Cost-Effectiveness of Type 2 Diabetes Screening: Results from Recently Published Studies
Leibniz Institute at Heinrich Heine University, Institute of Biometrics and Epidemiology, German Diabetes Center, Düsseldorf, Germany. Das Gesundheitswesen
(Impact Factor: 0.62).
09/2005; 67 Suppl 1(S 01):S167-71. DOI: 10.1055/s-2005-858232
Type 2 diabetes screening is recommended by various international diabetes associations. We conducted a literature research to identify and describe systematically recently published cost effectiveness analyses (CEA) for type 2 diabetes screening. Three analyses were included. One of them was conducted in Germany, based on the data of the KORA survey S4 (1999/2001). Two studies came from the US. The German as well as one of the US studies evaluated cost per detected diabetic case as main outcome. In contrast to the US study, the German study considered incomplete participation in the screening programs as baseline case. HbA1 c testing combined with the oral glucose tolerance test (OGTT) was more expensive than OGTT or fasting glucose testing, but also most effective in detecting cases, due to high participation in this screening strategy. The second US study investigated the lifetime cost effectiveness of type 2 diabetes screening, based on a Markov model to calculate cost per quality-adjusted life year (QALY). Effectiveness data were derived from two large intervention studies in clinically diagnosed (not identified by screening) diabetic subjects. The authors conclude that type 2 diabetes screening is cost effective, in particular targeted screening in elderly hypertensive subjects. Diabetes screening may be cost effective. However, the effectiveness of early detection and treatment of type 2 diabetes has not yet been shown, and data regarding the course of early detected diabetes are lacking so far. In the future, the most important question is whether type 2 diabetes screening and early treatment is effective with respect to clinical outcomes.
Available from: George Bakris
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ABSTRACT: The aim of this study is to compare out- and inpatient health services utilization by obese and normal weight adults. In a subsample of the KORA-Survey S4 1999/2001 in the Augsburg region, Germany (n = 947, age: 25-74 years), number of visits to general practitioners (GP) and inpatient hospital days were self-reported in three computer-aided telephone interviews (CATI) over half a year. Body mass index, based on measured body height and weight, was used to define obesity according to WHO classification. Participants, stratified in normal weight (18.5 < or = BMI < 25), preobese (25 < r = BMI < 30), obese class 1 (30 < or = BMI < 35) and obese classes 2-3 (BMI > or = 35), were compared via logistic, zero-truncated negative binomial, and multinomial models to elucidate obesity's associations with utilization at all, its frequency, and high utilization. Sex, age, social class, health insurance, and place of residence were adjusted for in all models. Respondents in obesity class 1 were more prone to report at least one visit to a GP than those normal weight (OR = 1.84, p < 0.01), while obesity classes 2-3 were associated with frequent (IRR = 1.63, p < 0.05) and high utilization (OR = 3.57, p < 0.05). Regarding days in hospital, only the extremely obese (i. e. classes 2-3) reported significantly more utilization than those normal weight (days if hospitalized at all: IRR = 3.24, p < 0.05; high utilization: OR = 5.4, p < 0.01). Sex did not play a significant role in any model. Older respondents reported more utilization in terms of GP-visits, while only tending to do so regarding inpatient utilization. Both those with statutory (vs. private) health insurance and rural (vs. urban) place of residence had higher odds to visit a GP at all. Results point to an excess utilization of out- and inpatient health services by especially extremely obese adults, and underline the need to contrast obesity classes 2-3 vs. 1 in health services utilization research.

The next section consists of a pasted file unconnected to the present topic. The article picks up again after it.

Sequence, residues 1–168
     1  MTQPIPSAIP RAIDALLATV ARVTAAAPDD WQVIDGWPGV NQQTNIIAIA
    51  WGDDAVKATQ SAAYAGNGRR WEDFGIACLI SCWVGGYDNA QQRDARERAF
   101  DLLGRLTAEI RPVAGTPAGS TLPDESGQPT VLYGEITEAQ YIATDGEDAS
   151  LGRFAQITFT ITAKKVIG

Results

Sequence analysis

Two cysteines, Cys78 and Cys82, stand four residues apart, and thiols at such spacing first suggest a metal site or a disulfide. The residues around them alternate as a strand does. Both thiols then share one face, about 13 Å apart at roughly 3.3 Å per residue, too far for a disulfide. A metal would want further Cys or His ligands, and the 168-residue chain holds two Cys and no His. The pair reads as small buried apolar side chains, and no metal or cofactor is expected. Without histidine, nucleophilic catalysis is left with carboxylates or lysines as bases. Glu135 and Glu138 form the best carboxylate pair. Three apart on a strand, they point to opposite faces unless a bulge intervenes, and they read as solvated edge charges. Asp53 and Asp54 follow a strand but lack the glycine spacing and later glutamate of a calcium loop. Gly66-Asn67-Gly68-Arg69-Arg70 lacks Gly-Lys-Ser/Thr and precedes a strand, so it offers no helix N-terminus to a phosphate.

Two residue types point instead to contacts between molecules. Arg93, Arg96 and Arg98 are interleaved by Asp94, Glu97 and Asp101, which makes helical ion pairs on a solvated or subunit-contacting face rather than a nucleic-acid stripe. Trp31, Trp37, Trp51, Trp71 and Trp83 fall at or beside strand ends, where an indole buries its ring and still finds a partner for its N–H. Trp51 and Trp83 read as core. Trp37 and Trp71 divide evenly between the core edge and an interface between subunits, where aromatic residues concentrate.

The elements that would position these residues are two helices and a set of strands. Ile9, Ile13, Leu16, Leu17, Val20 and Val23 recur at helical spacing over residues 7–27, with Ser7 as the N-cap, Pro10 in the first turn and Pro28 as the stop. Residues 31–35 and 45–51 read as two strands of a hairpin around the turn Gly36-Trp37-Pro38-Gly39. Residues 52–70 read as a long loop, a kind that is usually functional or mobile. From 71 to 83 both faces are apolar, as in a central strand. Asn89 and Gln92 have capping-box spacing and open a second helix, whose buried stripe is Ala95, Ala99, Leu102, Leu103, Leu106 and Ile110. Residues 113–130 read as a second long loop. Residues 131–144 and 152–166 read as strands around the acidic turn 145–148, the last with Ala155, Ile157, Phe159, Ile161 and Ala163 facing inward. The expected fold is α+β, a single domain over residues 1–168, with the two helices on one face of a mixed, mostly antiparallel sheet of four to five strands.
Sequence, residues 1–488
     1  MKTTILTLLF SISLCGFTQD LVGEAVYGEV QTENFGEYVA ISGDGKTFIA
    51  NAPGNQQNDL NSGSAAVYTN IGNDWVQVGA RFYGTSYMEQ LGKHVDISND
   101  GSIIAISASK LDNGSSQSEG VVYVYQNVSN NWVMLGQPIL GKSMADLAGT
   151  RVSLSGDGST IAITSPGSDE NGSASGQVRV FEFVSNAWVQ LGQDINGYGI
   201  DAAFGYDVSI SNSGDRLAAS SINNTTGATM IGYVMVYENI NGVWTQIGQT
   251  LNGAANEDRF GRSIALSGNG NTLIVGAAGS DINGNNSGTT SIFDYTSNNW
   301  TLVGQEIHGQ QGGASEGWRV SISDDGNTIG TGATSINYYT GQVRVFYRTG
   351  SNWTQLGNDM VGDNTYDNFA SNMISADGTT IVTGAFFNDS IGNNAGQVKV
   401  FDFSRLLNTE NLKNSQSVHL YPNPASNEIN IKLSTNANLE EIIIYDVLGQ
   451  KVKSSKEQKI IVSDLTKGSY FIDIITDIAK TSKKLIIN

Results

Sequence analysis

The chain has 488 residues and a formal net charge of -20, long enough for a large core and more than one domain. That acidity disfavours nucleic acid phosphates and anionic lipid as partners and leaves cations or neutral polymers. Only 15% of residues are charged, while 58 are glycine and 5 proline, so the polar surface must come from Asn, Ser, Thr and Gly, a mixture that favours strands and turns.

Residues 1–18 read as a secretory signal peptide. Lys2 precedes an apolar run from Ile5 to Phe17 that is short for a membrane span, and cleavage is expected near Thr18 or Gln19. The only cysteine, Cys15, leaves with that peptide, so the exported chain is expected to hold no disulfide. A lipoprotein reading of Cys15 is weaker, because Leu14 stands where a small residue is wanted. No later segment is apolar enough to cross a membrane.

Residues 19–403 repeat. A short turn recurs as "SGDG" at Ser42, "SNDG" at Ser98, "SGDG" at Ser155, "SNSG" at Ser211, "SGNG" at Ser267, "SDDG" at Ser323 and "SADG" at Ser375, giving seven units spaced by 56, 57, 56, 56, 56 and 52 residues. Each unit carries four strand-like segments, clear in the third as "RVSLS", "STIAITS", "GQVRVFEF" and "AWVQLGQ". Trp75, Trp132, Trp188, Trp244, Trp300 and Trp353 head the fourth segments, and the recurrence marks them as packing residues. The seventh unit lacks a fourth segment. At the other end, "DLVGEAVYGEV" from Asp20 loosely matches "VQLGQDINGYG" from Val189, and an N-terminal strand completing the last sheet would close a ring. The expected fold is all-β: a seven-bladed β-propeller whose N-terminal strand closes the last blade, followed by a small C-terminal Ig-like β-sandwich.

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ABSTRACT: The KORA studies serve as a powerful tool for the genetic analysis of complex diseases like type 2 diabetes or the metabolic syndrome. These studies include more than 2,000 prevalent and incident type 2 diabetes cases. DNA of these patients is available to be used in genetic studies. Up to now the analyses have focussed on genes coding for proteins being involved in the inflammatory response. Interleukin-6 (IL-6) as the key mediator of the acute phase reaction is of interest. Elevated protein concentrations of IL-6 in the blood have been shown to predict type 2 diabetes. We investigated the association of the IL-6 single nucleotide polymorphism (SNP) C-174G with type 2 diabetes in a case-control study of 704 elderly participants of the KORA Survey S4 (1999/2001). When BMI, HDL cholesterol, physical activity, hypertension, hormone replacement therapy and smoking were considered as covariables the SNP C-174G showed a trend for association with type 2 diabetes (- 174G: OR 1.20, 95 % CI 0.90 - 1.59, p = 0.21).
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